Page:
compound effective in small quantities that affects the growth and/or development of plants. May be naturally produced (hormone) or synthetic (see plant hormone).

Lack of the plant hormone auxin can cause abnormal growth (right)

Plant hormones (also known as phytohormones) are signal molecules produced within plants, that occur in extremely low concentrations. Plant hormones control all aspects of growth and development, from embryogenesis, the regulation of organ size, pathogen defense, stress tolerance and through to reproductive development. Unlike in animals (in which hormone production is restricted to specialized glands) each plant cell is capable of producing hormones. The term 'phytohormone' was coined by Went and Thimann and used in the title of their book in 1937.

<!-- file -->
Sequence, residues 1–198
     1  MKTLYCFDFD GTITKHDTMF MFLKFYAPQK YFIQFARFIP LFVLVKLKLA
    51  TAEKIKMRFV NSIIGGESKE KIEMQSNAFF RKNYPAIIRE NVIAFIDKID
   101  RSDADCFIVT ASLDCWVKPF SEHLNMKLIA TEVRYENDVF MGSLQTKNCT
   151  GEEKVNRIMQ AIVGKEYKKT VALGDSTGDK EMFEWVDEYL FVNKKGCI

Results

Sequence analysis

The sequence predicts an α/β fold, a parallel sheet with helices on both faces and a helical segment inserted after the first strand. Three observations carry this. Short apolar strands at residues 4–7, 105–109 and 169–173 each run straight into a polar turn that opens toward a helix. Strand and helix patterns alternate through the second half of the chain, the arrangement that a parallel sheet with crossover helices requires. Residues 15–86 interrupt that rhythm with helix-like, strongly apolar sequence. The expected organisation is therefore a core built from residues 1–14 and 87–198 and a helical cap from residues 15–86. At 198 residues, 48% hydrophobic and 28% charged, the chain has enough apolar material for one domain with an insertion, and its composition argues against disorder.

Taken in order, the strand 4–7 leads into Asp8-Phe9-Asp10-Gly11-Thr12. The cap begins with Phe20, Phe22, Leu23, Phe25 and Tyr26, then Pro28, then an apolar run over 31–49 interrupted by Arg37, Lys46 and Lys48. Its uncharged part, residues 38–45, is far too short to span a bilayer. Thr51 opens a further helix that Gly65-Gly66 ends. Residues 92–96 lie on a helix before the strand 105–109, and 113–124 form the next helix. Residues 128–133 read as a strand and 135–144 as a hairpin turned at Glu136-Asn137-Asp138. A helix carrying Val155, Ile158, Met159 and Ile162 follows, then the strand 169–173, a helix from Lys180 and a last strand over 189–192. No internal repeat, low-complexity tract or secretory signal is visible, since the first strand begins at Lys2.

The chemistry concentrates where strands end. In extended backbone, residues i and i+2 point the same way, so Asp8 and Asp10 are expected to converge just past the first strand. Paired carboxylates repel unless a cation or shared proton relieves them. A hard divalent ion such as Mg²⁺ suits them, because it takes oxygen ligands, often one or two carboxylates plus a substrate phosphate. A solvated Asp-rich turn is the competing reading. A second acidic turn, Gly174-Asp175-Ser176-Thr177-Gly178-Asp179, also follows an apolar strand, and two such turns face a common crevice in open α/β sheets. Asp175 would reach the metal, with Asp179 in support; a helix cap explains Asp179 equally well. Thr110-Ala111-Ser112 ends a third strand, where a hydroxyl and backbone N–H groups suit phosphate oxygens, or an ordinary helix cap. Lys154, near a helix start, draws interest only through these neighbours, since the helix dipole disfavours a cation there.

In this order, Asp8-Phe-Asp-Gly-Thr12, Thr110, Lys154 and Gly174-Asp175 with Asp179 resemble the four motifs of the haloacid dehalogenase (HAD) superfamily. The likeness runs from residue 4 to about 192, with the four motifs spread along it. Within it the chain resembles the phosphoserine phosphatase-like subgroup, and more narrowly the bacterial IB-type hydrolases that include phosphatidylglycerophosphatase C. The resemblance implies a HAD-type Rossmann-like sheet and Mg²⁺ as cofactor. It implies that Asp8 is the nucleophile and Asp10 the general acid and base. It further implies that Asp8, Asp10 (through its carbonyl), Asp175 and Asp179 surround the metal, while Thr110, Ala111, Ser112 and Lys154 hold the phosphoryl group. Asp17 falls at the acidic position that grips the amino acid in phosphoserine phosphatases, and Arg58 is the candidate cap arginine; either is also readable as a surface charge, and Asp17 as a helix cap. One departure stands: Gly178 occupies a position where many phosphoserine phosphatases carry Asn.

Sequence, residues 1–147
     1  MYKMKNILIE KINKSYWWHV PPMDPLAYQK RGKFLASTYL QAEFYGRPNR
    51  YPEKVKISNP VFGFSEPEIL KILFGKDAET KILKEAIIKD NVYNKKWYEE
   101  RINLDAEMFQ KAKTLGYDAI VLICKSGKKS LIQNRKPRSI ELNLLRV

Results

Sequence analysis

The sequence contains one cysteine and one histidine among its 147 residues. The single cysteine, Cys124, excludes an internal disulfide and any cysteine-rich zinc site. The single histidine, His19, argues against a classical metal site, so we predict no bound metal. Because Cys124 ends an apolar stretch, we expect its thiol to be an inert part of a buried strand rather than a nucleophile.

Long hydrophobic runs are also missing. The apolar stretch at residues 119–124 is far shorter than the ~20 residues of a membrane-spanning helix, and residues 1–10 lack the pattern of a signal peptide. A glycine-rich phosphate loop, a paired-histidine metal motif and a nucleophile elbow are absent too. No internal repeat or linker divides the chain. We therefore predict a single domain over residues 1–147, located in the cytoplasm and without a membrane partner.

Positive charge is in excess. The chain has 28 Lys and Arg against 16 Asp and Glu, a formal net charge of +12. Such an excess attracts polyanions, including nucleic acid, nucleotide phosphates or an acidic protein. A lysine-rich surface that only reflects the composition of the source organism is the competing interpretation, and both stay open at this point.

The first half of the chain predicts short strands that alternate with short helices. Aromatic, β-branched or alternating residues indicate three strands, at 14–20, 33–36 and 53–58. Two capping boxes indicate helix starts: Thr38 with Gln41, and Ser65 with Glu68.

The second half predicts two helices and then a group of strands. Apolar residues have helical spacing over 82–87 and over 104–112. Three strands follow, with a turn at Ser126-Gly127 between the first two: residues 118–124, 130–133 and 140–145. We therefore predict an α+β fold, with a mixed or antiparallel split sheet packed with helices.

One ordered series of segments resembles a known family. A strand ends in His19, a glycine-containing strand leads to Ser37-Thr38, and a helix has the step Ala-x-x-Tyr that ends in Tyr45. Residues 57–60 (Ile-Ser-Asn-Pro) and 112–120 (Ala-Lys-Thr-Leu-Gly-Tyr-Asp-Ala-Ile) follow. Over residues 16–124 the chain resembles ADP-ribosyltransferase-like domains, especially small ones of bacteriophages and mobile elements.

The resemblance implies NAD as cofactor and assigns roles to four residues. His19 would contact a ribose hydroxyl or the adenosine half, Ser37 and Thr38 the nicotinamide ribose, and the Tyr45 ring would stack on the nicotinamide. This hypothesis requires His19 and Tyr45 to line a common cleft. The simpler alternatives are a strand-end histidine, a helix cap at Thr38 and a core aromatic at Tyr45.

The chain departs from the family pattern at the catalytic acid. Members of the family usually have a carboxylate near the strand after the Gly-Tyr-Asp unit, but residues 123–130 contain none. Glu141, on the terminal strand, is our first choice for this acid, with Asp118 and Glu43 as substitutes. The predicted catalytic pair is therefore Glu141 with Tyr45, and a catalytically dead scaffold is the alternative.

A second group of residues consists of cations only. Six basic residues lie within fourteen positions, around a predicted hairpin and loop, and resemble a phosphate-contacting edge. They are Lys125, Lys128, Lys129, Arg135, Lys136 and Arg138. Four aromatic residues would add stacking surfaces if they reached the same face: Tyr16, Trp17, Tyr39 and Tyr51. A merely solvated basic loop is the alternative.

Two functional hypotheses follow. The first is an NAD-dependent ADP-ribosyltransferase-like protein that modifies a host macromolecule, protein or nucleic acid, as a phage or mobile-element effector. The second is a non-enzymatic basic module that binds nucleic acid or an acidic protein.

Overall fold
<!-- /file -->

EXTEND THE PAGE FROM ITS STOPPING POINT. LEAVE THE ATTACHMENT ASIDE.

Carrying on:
Phytohormones are found across the plant kingdom, and even in algae, where they have similar functions to those seen in higher plants. Some phytohormones also occur in microorganisms, such as unicellular fungi and bacteria, however in these cases they do not play a hormonal role and can better be regarded as secondary metabolites.

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